Is it possible to beat the market?
Note: If you’re viewing this via RSS or E-Mail, click here to view the original post and add comments.
One question I get asked frequently, and see online that many people are curious about, is whether or not it is possible to beat the market. Very often, we hear of individual stock prices that have skyrocketed, followed by “If only I had invested then…”
Let me preface the following by saying individual stock picking is risky, and for most people does not end well.
For example, shares of Apple (AAPL) closed yesterday just above $700.00 per share. Just 10 years ago, in 2002, shares of Apple were trading at just over $7.00 per share.
Let’s look at that by the numbers:
Had you invested $250,000 into Apple stock in 2002 (at $7.00 per share), you would have owned 35,714 shares. Today, those 35,714 shares would be worth roughly $24,999,800. Congratulations, you would have beaten the market and made just shy of $24.75 million dollars.
Of course, there are numerous other examples of stocks that have beaten the market over the past few years.
The Dark Side
Just as there are numerous examples of individual stocks that have beaten average market returns, there are just as many (and likely more) that have underperformed the market and produced less than favorable returns for investors.
Unfortunately, the reality is that it is entirely possible to lose your entire investment should a stock plummet. Because of the vast differences in sectors and how the economy affects each sector, some stocks may flourish while others sink drastically.
Recently, we watched the IPO (Initial Public Offering) failure of Facebook (FB). In the weeks leading up to the IPO, the media glorified Facebook as the next big thing in terms of an individual investment. People talked about how it would be the next big winner, and told you that you would be crazy not to invest. Unfortunately, they were wrong.
Are Mutual Funds the answer?
When it comes to beating the market, a number of people view mutual funds as the answer. While mutual funds can be a great investment vehicle (full-time professionals to manage my money? yes, please), they may not always be the best investment.
Why might they not be the best investment? Simple: FEES.
Mutual funds are businesses, and businesses have fees and costs to run.
Here are some typical fees:
- Sales Loads:A sales load is basically a commission paid to a broker for selling mutual funds. There are two types of sales loads on mutual funds:
- Front-End: Paid when shares are purchased
- Back-End/Deferred: Paid when shares are redeemed or sold
- Redemption Fee: Sometimes, people view this as a back-end sales load. However, instead of being a commission paid to your broker, the redemption fee is actually paid to the mutual fund – thus it is not a sales load and can be charged in addition to a sales load. The SEC has limited redemption fees to 2%.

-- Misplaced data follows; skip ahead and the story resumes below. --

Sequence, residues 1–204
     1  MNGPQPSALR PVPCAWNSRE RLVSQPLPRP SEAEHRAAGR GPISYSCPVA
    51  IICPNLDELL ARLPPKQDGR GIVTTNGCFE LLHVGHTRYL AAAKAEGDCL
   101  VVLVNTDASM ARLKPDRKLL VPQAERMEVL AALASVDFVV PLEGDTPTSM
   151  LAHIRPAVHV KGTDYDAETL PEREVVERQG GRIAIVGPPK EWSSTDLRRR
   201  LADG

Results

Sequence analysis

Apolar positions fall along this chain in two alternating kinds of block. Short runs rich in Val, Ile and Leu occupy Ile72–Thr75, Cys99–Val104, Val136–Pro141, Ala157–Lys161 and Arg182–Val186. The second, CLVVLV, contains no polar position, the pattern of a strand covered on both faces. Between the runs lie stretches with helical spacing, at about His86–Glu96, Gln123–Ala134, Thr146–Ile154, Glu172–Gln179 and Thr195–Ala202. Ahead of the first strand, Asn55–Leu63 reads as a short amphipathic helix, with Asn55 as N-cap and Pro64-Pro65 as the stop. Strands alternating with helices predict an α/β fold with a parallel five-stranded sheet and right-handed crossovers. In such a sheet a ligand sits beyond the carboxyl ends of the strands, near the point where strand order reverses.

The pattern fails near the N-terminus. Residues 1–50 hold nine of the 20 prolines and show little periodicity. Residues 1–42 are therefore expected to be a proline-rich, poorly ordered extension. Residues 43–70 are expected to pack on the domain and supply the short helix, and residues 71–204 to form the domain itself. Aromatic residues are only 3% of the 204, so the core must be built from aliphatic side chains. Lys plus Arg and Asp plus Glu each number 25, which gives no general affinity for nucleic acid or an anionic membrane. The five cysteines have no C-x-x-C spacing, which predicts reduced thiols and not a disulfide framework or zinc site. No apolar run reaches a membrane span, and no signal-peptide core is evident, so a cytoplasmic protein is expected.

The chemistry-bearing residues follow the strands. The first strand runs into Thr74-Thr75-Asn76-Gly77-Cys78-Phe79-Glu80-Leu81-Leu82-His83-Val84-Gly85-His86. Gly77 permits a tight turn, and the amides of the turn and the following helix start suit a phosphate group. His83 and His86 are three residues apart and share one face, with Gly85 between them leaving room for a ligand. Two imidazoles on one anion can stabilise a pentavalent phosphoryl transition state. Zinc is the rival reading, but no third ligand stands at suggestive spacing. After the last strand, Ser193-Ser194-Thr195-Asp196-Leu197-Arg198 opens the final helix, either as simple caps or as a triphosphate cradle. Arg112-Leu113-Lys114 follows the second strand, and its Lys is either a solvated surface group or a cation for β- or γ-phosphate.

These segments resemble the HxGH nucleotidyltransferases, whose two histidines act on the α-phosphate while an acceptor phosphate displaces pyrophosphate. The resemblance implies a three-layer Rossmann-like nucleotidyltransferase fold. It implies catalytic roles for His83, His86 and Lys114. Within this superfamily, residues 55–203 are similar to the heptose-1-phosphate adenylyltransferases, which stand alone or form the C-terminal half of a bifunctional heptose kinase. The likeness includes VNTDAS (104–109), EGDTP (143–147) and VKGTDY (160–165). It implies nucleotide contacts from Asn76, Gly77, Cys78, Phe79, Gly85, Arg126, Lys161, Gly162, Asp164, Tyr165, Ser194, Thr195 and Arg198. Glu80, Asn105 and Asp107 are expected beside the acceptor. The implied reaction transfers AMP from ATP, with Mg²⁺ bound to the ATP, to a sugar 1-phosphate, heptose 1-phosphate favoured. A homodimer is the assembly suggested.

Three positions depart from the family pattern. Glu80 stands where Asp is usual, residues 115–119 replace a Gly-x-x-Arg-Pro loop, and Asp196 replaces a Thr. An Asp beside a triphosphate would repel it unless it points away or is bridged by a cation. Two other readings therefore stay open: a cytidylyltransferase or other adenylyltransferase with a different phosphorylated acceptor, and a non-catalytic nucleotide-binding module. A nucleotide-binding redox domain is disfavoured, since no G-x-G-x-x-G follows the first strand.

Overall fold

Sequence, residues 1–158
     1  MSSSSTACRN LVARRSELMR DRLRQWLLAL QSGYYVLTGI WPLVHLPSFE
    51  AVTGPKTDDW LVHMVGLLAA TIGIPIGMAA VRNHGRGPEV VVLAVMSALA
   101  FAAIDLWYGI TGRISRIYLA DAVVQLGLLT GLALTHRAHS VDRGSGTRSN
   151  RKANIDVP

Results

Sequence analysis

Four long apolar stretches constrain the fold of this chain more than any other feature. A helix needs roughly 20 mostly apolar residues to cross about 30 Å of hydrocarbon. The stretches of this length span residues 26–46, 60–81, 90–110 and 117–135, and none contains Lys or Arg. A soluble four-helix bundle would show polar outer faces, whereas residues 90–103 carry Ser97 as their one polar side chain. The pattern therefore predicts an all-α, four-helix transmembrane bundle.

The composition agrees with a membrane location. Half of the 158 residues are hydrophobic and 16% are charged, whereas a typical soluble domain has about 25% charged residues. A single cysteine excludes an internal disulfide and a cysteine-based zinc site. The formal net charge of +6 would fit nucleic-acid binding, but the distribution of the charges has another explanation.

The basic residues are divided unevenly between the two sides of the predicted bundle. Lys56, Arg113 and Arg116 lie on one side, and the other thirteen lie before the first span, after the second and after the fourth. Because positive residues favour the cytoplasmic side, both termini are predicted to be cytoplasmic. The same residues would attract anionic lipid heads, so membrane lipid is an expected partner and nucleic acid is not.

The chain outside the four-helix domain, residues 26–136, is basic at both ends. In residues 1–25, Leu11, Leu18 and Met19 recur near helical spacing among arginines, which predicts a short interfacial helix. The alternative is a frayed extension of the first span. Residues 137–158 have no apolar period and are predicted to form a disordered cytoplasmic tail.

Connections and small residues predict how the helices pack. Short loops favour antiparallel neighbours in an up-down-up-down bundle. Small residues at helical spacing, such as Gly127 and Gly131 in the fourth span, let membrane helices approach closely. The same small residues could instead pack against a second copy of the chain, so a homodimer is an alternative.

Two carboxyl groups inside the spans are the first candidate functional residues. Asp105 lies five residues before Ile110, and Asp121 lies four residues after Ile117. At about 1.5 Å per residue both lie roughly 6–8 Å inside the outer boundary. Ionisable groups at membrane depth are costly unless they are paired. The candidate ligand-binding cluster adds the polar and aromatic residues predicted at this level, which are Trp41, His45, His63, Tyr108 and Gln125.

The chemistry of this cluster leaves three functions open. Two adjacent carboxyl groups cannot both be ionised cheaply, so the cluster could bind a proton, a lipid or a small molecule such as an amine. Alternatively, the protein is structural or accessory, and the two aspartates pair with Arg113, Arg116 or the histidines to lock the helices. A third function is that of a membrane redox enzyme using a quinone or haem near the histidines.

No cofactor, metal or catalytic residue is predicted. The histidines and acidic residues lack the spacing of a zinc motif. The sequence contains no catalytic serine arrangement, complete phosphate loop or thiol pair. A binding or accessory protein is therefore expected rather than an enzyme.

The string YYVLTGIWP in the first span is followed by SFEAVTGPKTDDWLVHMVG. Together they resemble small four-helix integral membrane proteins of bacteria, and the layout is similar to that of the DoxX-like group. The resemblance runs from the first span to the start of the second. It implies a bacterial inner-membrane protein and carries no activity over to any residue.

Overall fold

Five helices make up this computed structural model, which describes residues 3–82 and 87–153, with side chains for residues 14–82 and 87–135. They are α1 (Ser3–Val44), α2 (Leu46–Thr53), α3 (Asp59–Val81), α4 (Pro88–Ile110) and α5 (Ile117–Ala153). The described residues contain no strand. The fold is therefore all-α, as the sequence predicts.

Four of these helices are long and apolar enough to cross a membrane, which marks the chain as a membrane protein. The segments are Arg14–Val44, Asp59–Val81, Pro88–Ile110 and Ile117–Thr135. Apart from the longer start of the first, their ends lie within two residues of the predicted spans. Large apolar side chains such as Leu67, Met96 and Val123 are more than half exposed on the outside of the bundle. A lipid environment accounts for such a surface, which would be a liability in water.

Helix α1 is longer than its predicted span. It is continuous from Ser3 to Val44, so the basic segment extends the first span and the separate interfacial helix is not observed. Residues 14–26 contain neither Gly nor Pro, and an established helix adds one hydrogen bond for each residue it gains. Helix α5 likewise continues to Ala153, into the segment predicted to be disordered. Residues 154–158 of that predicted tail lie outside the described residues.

- Exchange Fee: An exchange fee is sometimes charged when an investor moves money from one fund to another within the same mutual fund group.
- Account Fee: Some funds will charge what is essentially an “Account Maintenance Fee” if your account does not meet certain criteria.
- Purchase Fee: Similar to a redemption fee, a purchase fee is not a sales load. Purchase fees are paid directly to the fund, and are sometimes charged in addition to a front-end sales load.
- Management Fees: These fees are paid out annually out of the fund’s assets to compensate management and advisers who manage the fund. Mutual fund managers make good money, and that money comes as a result of these fees.
- Distribution Fees: Also called “12b-1 fees,” these fees cover the costs of marketing, advertising, printing, etc.
It is estimated that in any given year, approximately 50% of mutual funds beat the market. However, it is much less common for a mutual fund to consistently beat the market year over year.
If you’re looking to invest in mutual funds – I really like Vanguard. They have some of the lowest fees in the industry, and a great selection of funds to choose from.
The Bottom Line
Is it possible to beat the market? Yes, but it’s not very likely. Hopefully none of you are here to find “get rich quick” schemes, because I don’t believe in that. Investing in individual stocks can be fun, but very risky. If you choose to do this, I would recommend doing so with only a portion of your overall investment portfolio (say, 5-10%). Mutual funds can be great investments, but make sure you do your research and minimize fees. There are a number of other alternative investments to individual stocks and mutual funds, which we will go over in the future.
Readers: Have you had any success picking individual stocks? How do you feel about mutual funds? – I’d love to hear your feedback in the comments below!
Disclosure: RPRX – Long
Information in this post should not be regarded as professional advice, or a recommendation to buy. Guess what guys? I am not a registered investment professional (most of you know that – I just need to say it). I do my best to make sure all information I provide is accurate, but make sure you do your own due diligence before investing. I write for educational and entertainment purposes only. Seek out the counsel of an investment professional before making important decisions regarding your money – it’s common sense. I’m working on getting a disclaimer page together – hopefully this covers my ass until then